Google Cloud rolls out new tools to make AI more accessible

The new AI Hub and Kubeflow Pipelines are designed to take a data scientist's work and maximize its impact across a business

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A growing number of organizations want to take advantage of AI and machine learning, but finding the right tools and staff to do so can be difficult. Among other challenges, there's a shortage of data scientists who can actually build machine learning models.

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"There's a huge talent gap for AI right now," Rajen Sheth, director of product management for Cloud AI at Google, said to ZDNet. "It's a very new area, and there aren't a lot of people who know how to use it right now."

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To address that challenge, Google Cloud is rolling out a set of new products aimed at maximizing the impact of a data scientist's work. The first product, Kubeflow Pipelines, makes it easier for data scientists to coordinate with the other members of a team needed to actually bring a machine learning model into production. The second product, the AI Hub, serves as a marketplace where anyone from an organization can access machine learning components such as data sets or models.

"The vast majority of models that data scientists create never make it to production," Sheth said. "You're taking that really valuable asset of a data scientist and wasting it."

With Kubeflow Pipelines and AI Hub, data scientists' work will be more accessible, and thus more valuable, to the rest of an organization.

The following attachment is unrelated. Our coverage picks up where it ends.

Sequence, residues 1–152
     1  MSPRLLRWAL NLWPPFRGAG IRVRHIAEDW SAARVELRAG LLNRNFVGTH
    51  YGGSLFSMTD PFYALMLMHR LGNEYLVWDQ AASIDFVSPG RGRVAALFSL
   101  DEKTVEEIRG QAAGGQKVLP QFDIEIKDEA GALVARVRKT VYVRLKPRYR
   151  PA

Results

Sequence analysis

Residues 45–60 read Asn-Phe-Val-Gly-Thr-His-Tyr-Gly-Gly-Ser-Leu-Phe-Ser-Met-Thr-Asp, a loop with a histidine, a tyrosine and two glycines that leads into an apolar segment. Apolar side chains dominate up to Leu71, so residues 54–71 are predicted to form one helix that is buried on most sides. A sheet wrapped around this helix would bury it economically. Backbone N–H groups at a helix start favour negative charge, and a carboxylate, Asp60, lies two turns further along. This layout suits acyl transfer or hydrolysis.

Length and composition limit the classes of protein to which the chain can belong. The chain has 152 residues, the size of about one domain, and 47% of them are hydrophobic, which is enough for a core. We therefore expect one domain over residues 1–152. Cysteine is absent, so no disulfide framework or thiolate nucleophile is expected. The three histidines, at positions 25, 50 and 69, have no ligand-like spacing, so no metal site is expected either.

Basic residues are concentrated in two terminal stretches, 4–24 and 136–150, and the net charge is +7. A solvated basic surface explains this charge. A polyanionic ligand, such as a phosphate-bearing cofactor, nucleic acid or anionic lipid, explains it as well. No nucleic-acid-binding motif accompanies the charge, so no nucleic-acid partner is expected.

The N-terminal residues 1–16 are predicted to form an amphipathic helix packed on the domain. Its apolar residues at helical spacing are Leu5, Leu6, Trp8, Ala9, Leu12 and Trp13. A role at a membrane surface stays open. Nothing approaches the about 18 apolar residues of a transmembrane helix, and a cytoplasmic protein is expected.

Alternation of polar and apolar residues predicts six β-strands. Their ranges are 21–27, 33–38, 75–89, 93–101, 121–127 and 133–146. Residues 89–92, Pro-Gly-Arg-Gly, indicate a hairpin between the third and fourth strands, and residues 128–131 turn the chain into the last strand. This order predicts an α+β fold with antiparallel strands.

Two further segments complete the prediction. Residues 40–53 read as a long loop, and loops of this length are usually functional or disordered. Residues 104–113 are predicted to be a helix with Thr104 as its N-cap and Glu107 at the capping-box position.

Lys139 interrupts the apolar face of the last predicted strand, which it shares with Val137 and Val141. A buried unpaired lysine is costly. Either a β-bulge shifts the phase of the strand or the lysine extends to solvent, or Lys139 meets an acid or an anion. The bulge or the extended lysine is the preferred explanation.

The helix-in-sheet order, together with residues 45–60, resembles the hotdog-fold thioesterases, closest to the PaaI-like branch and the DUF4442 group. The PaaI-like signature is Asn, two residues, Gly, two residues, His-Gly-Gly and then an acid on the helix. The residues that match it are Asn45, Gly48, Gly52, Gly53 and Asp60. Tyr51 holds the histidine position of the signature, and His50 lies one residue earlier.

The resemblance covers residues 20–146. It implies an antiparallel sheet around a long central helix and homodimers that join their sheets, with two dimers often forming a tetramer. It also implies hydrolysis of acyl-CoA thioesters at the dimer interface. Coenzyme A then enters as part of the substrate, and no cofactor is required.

Kubeflow Pipelines are a new component of Kubeflow, a popular open source project that makes it easier to deploy machine learning workflows on Kubernetes. Kubeflow Pipelines provides a workbench to compose, deploy and manage reusable end-to-end machine learning workflows.

It effectively lets anyone "snap in and out" various components of a workflow, Sheth explained. So for instance, a data scientist can build a model, and another person in the organization can snap in the right data, while a developer can snap in an API. With this level of collaboration, people can experiment and put things into production more quickly.

"We realized that AI is a team sport," Sheth said. "it's more than just the data scientist building the model. It might be the data engineer that brings in the data, it might be an engineer that puts the model into production, it might be the developer that puts it into the application -- these are all uncoordinated right now."

Meanwhile, the AI Hub is aimed at making it easier for people in an organization to discover, share, and reuse existing tools and work. This could include pipelines, Jupyter notebooks, TensorFlow modules and more. Data scientists and others can add their own components to the marketplace for others within their organization to use.

In addition to serving as a private, secure hub for businesses, the marketplace will come stocked with machine learning resources developed by Google Cloud AI, Google Research and other teams across Google. In the future, it will also provide access to content from Kaggle, Google's online community of over 2 million data scientists.

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Over time, Google plans to allow people to purchase tools from third parties on the marketplace. Currently, Google works with its cloud customers to match them with suitable AI partners. For instance, SparkCognition may be a suitable partner for an aviation company using Google Cloud that's looking for predictive maintenance tools. Eventually, a firm like SparkCognition could offer tools via the AI Hub.

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